You forget Niagara Falls when seeing the 350 waterfalls that make up Iguazu Falls cascading between Brazil and Argentina, it is absolutely spectacular and no waterfall will ever compare, we needn't visit another cascade again (unless it's Angel falls of course). The falls can be seen from Brazil to observe at a distance and in Argentina to get up close and wet wet wet as we did by taking a speed boat trip into the mist!
Aside from the water some very cute looking but actually very dangerous Coatis roam around the parks as though they own the place. On one incident we witnessed the animal snatching a little kids ice-cream, when the little kid creamed lots of Coatis' ran towards the poor child. Luckily he was unharmed and lifted from the crowd of Coatis by his dad. #hewontfogetthatinahurry (Andy had a flashback of how he was cornered by Canadian geese when he was a toddler and lost his teddy.)
Las tres fronteras in Puerto Iguazu, this plaza faces both the Brazilian and Paraguay frontier over the water. At night there is a spectacular light/water show.
A few of the highlights were; the Cemetery of Chacarita, bite de lomo (Argentinian tenderloin steak), Tango street dancers and the Bolivian parade which we happily stumbled upon. One of Buenos Aires' largest streets had been closed to make way for a spectacular parade celebrating the Bolivian population in Argentina. It was so huge that we're sure every Bolivian must have participated in the show!
It's not a myth - the beef here is incredible! In Argentina they have 2 cows to every person and enough fertile land to feed a quarter of the worlds population (that's what they told us) and they know how to grill their meat... Well at least we thought they all did until on our final night in Buenos Aires Maryam had to send her steak back not once, not twice but four times. In all fairness the waiter took the steak back himself on the fourth attempt as it was basically a plate of raw beef. All good things come to those who wait... then they're too full to eat it.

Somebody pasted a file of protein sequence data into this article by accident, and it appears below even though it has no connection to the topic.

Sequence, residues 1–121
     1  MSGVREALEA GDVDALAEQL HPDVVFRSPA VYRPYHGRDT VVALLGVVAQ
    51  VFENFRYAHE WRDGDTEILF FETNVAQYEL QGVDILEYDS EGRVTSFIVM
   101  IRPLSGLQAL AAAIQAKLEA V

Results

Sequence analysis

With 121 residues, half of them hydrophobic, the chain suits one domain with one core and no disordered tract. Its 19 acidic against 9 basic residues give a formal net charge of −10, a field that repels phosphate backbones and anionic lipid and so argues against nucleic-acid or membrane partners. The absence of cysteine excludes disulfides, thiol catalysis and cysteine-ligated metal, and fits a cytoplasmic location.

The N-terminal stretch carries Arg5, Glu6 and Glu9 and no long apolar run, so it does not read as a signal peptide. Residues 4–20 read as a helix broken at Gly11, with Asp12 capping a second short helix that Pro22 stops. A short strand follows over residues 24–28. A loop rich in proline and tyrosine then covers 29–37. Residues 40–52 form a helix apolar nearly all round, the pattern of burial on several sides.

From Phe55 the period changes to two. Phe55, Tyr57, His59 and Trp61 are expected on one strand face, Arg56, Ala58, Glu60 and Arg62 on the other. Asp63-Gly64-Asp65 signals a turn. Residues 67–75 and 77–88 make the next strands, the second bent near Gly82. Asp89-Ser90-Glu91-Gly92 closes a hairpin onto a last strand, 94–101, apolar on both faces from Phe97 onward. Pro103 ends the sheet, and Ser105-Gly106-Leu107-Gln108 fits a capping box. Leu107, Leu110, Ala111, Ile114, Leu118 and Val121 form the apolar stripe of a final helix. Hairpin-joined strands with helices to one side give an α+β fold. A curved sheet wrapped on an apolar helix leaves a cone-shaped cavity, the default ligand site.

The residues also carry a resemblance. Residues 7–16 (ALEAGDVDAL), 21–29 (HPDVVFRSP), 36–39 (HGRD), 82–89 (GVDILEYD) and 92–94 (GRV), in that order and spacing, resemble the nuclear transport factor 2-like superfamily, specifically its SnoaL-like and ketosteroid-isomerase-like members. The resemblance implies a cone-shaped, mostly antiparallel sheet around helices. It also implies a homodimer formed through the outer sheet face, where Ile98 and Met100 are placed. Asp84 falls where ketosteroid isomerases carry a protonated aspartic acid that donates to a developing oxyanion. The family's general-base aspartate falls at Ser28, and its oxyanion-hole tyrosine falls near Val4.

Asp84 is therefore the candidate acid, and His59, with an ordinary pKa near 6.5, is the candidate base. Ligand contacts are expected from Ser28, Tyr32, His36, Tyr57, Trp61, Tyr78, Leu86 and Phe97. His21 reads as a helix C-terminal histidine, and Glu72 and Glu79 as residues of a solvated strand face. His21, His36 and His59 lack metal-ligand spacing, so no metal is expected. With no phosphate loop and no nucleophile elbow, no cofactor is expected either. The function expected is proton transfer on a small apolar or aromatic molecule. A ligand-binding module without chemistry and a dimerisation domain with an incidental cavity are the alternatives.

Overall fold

Serious with lots of political views
State of WCs:
6/10 Average! Most public WCs have seats but many lack paper
16 - 36*c
Steak and Empanadas
No. Of bites:
Maryam 4 v 23 Andy
Platform shoes, 'Dead' dogs in the centre of roads, brick towers in Córdoba
Exchanging Dollars on the 'blue' market
Butterflies (tis the season), coatis, lizards, mosquitos
"Cambio! Cambio! Cambio!" OK, before we go into what a vibrant place Buenos Aires is, we must let you in on a widely known secret about the Argentinian Peso. When entering the country you must come equipped with US Dollars - as much as you can carry! Inflation in the country is at an all time high and the peso's value is crashing and as a result Argentinians are wanting to get hold of a more secure currency - Dollars! With this is mind, you can exchange your money on the 'Dolar Blue' market for 1.5 times the value that you would get in an official bureau de change. Just head to Florida Street and listen for the calls of "Cambio! Cambio!" and be ready to barter. You can find the current daily rate on Twitter and don't be afraid of being taken into a dark room or exchanging wads of cash on the street, it's safe and everyone does it - including the locals!